“I don’t enjoy hearing it. But I don’t think that I feel more offended by it than you do. What I mean is, I don’t think I have a special place of pain inside of me that the word touches because I am black.” We are both human beings, I am trying to say. She nods her head, seemingly satisfied. Even inspired, I hope.
I am lying, of course.
In our culture, it seems, friendships are generally considered to be incidental—garnishes on the plate of important relationships, like those between family members and spouses. There are no institutions, no common rituals to support either the initiation or termination of bonds between friends. Because I take my friendships as seriously as I do my marriage… .I sigh when people ask me why Beverly and I are not friends anymore. I do this to spare myself and others the shameful truth, which is that Beverly dumped me.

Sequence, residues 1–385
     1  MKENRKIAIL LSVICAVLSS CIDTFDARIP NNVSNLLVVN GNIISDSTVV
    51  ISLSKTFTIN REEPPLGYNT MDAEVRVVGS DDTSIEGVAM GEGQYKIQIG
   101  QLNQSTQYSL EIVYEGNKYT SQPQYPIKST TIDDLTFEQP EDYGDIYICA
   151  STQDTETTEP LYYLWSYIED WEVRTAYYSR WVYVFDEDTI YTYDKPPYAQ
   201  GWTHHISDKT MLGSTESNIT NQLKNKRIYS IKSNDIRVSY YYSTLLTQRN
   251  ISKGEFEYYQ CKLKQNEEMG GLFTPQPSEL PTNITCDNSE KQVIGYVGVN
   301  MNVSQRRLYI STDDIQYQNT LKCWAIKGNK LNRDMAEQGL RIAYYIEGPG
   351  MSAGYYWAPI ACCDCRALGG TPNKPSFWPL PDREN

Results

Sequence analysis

Can a friendship really end for no reason?
Emily Bernard gets “Fired.”
Teaching the N-Word
He does not want to say it because he is white; he does not want to say it because I am black. I feel my power as his professor, the mentor he has so ardently adopted. I feel the power of Randall Kennedy’s book in my hands, its title crude and unambiguous. Say it, we both instruct this white student. And he does.
Emily Bernard, “Teaching the N-Word,” The American Scholar